Blue Water Woman--Fall 2019

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I feel like such a fraud.

As editor and publisher of women’s magazine, I try to encourage women to just be themselves.

Ignore media hype. No body shaming allowed! Just be yourself and it is, indeed, enough.

All of that is absolutely true. It is.

But I didn’t believe it about myself.

The long story short is that over the past five years, I slowly but surely gained a rather sizable

pile of weight.

Remember Oprah pulling the little red wagon full of almost 70 pounds of fat? Yeah, I gained

almost half that.

The first 10 to 15 pounds weren’t so bad. Most (most!) of my clothes still fit (suck it in!!!). “I’m

more than 50 years old…this is just destiny, right?” I lied to myself.

Sure it is destiny if you eat a lot of ice cream and nachos and drink a lot of (okay, probably way

too much!) wine. And your exercise habits aren’t what they used to be.

In the end, I stepped on the scale and discovered I had gained 30 pounds. Ouch.

That is like three 10 pound babies. It was as if I was pregnant with triplets. (“Belly? Oh yeah!

This belly! I’m pregnant with triplets!” says no 55-year-old menopausal woman ever.)

Seriously, Patti.

Remember when, on “Friends,” there was a

flashback to when Monica was really heavy in

high school? And Courtney Cox wore a “fat suit”

to play her younger self?

Yeah. That’s how I felt. I was walking around

feeling like I was wearing a fat suit…but where

was the zipper to take it off?

And the thing is, I felt really, really terrible. Not

just physically, but emotionally. I beat myself up,

inside of my head, every single day.

I read a ton of magazine articles that told me,

“Be comfortable in your skin no matter what

your weight!” It didn’t work. I continued to feel

miserable on a daily basis.

Almost a year ago, I began a serious quest to

find fitness, and my “old self.”

First, I joined the YMCA of the Blue Water

Area. Second, I hired a personal trainer. Mary


Patti Samar

Editor & Publisher

Blue Water Woman


McKay has been more patient than a saint as she

has listened to me whine and complain about

every ache and pain known to womankind. She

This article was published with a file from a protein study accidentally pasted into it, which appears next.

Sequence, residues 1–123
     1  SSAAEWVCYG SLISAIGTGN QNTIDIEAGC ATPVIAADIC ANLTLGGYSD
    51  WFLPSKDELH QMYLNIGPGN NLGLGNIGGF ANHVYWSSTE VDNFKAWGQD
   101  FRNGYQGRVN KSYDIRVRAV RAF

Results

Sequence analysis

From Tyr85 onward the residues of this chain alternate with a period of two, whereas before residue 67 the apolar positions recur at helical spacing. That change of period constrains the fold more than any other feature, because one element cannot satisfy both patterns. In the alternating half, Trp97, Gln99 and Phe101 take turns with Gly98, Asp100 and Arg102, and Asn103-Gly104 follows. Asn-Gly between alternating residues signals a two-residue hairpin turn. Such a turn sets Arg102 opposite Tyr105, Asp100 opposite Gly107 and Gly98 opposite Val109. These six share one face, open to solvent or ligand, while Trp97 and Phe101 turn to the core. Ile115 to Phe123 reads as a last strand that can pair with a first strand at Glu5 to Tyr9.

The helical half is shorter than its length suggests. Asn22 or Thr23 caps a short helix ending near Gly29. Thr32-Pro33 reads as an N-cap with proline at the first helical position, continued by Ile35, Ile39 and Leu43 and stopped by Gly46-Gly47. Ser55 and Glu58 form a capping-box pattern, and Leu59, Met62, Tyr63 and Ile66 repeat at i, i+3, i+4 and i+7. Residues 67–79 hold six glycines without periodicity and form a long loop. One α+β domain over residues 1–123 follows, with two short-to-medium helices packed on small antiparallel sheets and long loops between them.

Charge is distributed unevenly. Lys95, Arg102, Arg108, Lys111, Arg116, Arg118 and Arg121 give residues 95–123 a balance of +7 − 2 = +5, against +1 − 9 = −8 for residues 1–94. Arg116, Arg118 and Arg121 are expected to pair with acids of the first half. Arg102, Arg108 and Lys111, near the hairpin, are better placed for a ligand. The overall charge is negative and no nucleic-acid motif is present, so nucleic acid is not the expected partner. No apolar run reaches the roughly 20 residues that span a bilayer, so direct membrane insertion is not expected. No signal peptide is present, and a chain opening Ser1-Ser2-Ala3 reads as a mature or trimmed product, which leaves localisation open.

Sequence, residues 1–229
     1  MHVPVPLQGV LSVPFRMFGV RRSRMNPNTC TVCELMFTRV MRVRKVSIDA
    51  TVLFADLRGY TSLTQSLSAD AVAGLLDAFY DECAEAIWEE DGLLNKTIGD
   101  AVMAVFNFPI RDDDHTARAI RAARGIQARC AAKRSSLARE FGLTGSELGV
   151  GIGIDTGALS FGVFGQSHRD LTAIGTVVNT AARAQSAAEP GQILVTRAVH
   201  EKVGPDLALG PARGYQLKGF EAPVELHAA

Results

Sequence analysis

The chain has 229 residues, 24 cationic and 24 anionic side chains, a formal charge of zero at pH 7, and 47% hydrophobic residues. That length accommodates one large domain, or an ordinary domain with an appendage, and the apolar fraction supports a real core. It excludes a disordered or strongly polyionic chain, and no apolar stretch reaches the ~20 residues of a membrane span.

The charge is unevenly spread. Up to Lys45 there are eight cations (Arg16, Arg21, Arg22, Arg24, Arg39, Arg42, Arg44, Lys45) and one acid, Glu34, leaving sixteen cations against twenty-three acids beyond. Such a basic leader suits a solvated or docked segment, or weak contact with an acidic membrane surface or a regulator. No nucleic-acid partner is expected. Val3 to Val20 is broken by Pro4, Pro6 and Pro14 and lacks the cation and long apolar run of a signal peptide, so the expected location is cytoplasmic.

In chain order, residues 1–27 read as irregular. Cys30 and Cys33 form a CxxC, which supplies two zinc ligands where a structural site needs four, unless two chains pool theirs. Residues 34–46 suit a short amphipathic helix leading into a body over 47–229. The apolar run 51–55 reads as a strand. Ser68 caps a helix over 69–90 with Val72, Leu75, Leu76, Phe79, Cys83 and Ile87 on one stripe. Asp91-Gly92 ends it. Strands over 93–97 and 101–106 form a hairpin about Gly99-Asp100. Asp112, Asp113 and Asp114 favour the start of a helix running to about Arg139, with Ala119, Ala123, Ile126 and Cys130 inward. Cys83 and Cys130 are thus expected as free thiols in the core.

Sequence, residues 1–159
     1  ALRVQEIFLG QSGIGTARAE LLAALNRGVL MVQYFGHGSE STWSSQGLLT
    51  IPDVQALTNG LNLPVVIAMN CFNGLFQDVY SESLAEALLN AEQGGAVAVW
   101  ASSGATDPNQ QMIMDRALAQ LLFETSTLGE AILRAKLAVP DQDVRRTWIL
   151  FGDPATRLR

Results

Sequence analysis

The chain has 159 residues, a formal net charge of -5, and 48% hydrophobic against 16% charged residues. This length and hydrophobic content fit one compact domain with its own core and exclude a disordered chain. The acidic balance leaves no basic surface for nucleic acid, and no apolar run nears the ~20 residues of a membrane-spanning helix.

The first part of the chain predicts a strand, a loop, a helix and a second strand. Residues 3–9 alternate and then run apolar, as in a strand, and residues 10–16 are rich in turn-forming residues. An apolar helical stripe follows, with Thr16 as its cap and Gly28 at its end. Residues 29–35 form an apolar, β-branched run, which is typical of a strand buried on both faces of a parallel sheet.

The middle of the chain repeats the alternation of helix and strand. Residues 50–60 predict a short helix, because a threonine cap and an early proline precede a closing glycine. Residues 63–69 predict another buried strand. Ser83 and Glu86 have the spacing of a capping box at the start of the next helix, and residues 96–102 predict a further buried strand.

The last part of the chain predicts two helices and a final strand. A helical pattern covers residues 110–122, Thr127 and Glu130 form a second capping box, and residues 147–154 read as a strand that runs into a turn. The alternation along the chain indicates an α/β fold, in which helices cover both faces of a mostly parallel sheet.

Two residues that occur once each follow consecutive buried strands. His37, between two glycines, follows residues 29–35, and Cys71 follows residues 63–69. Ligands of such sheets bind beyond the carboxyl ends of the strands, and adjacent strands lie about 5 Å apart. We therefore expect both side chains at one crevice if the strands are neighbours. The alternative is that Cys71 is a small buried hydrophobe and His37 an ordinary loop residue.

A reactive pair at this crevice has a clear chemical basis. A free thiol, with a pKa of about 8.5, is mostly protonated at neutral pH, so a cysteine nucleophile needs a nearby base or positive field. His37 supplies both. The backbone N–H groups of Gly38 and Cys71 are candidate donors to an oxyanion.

listens, and then she hands me a heavier weight and says, “Do it again.”

Ouch. Nothing like tough love.

But weight lifting and running and working out, in general, alone will not help you lose

weight. Weight loss is very simple: calories in versus calories out.

Over the past year, I experimented with food and calorie intake before finally finding a way of

eating that works for me and a) is full of good, fresh, tasty, healthy food; b) taught me when you

pay attention to your portions (What??? You mean you can’t eat the whole box in one sitting???)

it really makes a difference, and c) taught me that a kitchen food scale is actually a tool you can

use and not just shuffle out of the way when reaching for a box of cookies. Result? I am seeing

the numbers on the scale slowly go down.

I have more weight to lose before I feel like I am in my personal “comfort zone,” but it amazes

me how much more comfortable I am in my skin at my current weight than I was a couple of

months ago before my slow-but-steady weight loss journey began.

Yes, I know my value is more than a number on a scale. But the moral of the story is this: If at

first, you don’t succeed in feeling comfortable in your skin – whether that means your weight,

your relationships with other people, your work life, or something else – keep searching until you

find a path that leads to success and self-comfort.

We all deserve that. Yes, even you. Most especially you.










The ad deadline for the next issue

of Blue Water Woman is November 1, 2019.

Prices start at just $125 for a business card sized ad!

Our most popular ad size is a quarter page at just $250;

sign a one-year contract and it becomes just $225 a quarter!

For more information, contact Patti Samar

at 810-300-2176 or email her at pjsamar@aol.com


Blue Water Woman is published quarterly by The Write Company,

511 La Salle Blvd., Port Huron, MI 48060. Circulation 5,000.

Editor & Publisher:

Patti Samar, owner, The Write Company

Advertising, questions, comments or story ideas:

Email Patti Samar at pjsamar@aol.com


Blue Water Woman is the premiere publication

for women living, working and playing

in the Blue Water Area of Michigan.

Its stories and features are written and designed

to be inspriational, motivational and encouraging.